Creatine: enhances performance, but for whom?
In the last decade, the use of dietary supplements has increased significantly among athletes at all levels. Creatine is one of the best-known and most-used supplements. In the United States alone, the annual sales of this supplement are over 400 million dollars. It is known that creatine can enhance athletic performance in certain situations. However, there are also situations where it is should not be used. This is especially true for sports where body weight is a critical factor affecting performance. Despite a lot of scientific research, the effectiveness of this supplement remains unclear in many sports scenarios…
Creatine is a substance that occurs naturally in our body and is produced in the liver, kidneys and pancreas (i.e. one to two grams on a daily basis). We also absorb a small amount of creatine from our food every day, especially from meat and fish. About 95% of all creatine in the body is contained in the muscles. To store creatine in the muscles, it is first linked to a phosphate molecule. This is how creatine phosphate is created. This substance is an important source of energy, possibly the foremost source, during the most intensive brief spurts of exercise, such as sprinting.
However, this energy system can only meet the high energy demand for a few seconds before the creatine is used up. A long time ago, this led to the idea that a larger amount of creatine in the muscles could improve athletic performance. For example, Russian athletes were already using it in the 1970s based on the assumption that it would increase the amount of creatine phosphate stored in their muscles.
Particularly in the 1990s, a great deal of scientific research was carried out on how creatine supplements affected athletic performance and recovery. This research did, in fact, demonstrate that creatine supplements can slightly increase the amount of creatine phosphate in the muscle. This ensures that performance can improve slightly during intensive exercise lasting less than 30 seconds. It has been demonstrated that sprints (when running or swimming) are faster and that jump height can also increase.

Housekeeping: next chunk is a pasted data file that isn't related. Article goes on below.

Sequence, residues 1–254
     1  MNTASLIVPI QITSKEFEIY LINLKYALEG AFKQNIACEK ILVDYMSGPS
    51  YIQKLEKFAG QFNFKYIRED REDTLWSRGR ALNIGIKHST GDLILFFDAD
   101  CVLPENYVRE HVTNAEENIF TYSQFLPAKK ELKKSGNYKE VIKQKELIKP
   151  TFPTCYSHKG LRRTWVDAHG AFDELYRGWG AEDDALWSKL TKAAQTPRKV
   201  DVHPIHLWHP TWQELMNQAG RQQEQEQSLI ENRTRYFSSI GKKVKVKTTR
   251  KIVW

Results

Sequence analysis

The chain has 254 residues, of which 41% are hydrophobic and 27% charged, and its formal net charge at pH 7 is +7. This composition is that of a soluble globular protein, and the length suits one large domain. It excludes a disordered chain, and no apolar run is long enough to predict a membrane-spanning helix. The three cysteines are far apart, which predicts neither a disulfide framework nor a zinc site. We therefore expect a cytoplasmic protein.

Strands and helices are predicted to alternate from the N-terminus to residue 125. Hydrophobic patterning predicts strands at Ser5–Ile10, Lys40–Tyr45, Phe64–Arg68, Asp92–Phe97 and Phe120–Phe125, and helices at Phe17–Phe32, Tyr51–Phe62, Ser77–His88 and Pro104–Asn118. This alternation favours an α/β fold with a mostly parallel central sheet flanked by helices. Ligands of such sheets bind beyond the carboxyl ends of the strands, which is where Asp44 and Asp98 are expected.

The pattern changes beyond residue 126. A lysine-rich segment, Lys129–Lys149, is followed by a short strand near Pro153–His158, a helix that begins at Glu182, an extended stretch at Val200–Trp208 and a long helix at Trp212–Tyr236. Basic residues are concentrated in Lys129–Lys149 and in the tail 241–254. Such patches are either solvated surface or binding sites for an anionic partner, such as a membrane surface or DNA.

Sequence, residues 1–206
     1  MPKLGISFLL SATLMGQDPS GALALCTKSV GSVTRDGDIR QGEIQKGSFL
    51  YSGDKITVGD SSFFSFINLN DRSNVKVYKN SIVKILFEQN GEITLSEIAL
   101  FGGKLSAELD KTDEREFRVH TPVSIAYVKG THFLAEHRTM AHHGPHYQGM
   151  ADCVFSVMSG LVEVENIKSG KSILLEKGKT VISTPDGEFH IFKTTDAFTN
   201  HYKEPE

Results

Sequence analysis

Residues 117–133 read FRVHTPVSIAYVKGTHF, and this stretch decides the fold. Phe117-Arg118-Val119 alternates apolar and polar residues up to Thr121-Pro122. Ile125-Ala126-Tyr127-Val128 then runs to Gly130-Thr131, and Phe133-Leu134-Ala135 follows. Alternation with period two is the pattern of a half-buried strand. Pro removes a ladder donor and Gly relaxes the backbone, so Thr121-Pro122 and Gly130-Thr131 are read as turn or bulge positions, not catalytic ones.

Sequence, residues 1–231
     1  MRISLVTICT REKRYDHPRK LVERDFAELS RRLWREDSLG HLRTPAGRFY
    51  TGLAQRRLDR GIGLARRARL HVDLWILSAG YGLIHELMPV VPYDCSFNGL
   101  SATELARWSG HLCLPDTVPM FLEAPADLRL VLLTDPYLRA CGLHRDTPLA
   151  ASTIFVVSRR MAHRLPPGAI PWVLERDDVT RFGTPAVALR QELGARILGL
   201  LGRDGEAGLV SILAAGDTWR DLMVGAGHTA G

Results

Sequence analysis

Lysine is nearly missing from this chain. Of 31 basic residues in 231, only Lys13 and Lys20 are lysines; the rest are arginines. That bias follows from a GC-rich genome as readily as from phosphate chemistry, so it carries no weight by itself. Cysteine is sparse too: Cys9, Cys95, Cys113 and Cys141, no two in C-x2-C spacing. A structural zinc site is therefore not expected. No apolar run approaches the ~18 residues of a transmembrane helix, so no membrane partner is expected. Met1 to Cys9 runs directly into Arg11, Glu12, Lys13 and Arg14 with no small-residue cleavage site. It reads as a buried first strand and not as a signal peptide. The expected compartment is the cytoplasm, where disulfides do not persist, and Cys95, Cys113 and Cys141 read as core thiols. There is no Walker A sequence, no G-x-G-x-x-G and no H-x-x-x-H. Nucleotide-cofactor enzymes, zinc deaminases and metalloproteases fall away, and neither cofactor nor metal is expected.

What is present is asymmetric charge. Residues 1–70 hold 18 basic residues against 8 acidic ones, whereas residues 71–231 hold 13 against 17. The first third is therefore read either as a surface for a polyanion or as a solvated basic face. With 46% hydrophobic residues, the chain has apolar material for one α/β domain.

However, what is more important is that creatine has an indirect effect, apparently, on enhancing performance. The prolonged use of creatine supplements makes more energy available during intensive periods of power training. Using creatine makes it possible to do more repetitions with heavier weights. This provides additional training gains, especially through increased muscle mass and muscle power. Eventually, these benefits should improve performance during competitions, at least in those where muscle mass and muscle power are crucial. Moreover, the use of creatine supplements ensures muscles recover faster between brief intensive bursts of exercise, and, after a muscle injury, can even conduce to the faster recovery of muscle mass and muscle strength.
However, creatine consumption is not solely advantageous for athletes. It can also have adverse effects. Creatine consumption often leads to fluid accumulation in the muscles. For some athletes, but not all, this causes a significant gain in weight by as much as several kilograms in just a few weeks. These are not ‘muscles’, but water… This can cause stiff and more vulnerable ‘swollen’ muscles and the weight gain has a negative impact on performance in many sports. When running, additional weight reduces running efficiency. When cycling uphill, it requires more power (Watt). When swimming, it reduces buoyancy. And, with high jumping, you never want to heave excess weight over the bar under any circumstances… In brief, creatine is certainly not beneficial for all athletes. On the contrary.
Use in practice
To increase the amount of creatine phosphate in the muscles and to achieve the positive effects mentioned above, you must follow the correct protocol. This protocol requires three grams of creatine to be taken daily for 8 to 12 weeks. Ideally, it should be taken immediately after exercise with a snack or drink that is rich in carbohydrates and/or proteins. Although prolonged use of creatine supplements does not lead to harmful effects, it is advisable to discontinue creatine supplements for a few weeks after prolonged use to avoid habituation. It is also frequently recommended that a period of creatine supplement consumption be started with a week at a high dose, for example, five grams four times a day. This procedure reduces the duration of creatine ‘loading’ from about three weeks to one week. However, the rapid increase in body weight that happens at the same time is often considered unfavourably by athletes. However, other than the fact that the loading occurs a little more quickly, this fast procedure has no advantage over the slow procedure (three grams per day).
Creatine is definitely an effective supplement, but only for athletes who engage in brief intensive exercises and/or want to get the most out of their intensive power training. For the supplement to work properly, a dose of three grams a day for 8 to 12 weeks is required. Keep in mind that the supplement will also cause a weight gain of 1 to 1.5 kilograms and often even more. This is inevitable and a disadvantage in some sports.
- Rawson ES, Clarkson PM. Scientifically Debatable: Is Creatine Worth Its Weight? Sports Science Excahnge, vol 16(4), 2003. https://secure.footprint.net/gatorade/stg/gssiweb/pdf/2006925105422.pdf
- Cooper R, Naclerio F, Allgrove J, Jimenez A. Creatine supplementation with specific view to exercise/sports performance: an update. Journal of the International Society of Sports Nutrition, vol 9, p33-44, 2012.